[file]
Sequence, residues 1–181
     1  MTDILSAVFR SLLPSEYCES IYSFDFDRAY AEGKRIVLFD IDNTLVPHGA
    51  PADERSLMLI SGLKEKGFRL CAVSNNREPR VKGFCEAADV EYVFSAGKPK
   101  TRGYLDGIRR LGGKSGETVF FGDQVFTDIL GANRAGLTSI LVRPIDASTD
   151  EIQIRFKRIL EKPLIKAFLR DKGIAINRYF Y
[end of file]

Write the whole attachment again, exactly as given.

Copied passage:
Sequence, residues 1–181
     1  MTDILSAVFR SLLPSEYCES IYSFDFDRAY AEGKRIVLFD IDNTLVPHGA
    51  PADERSLMLI SGLKEKGFRL CAVSNNREPR VKGFCEAADV EYVFSAGKPK
   101  TRGYLDGIRR LGGKSGETVF FGDQVFTDIL GANRAGLTSI LVRPIDASTD
   151  EIQIRFKRIL EKPLIKAFLR DKGIAINRYF Y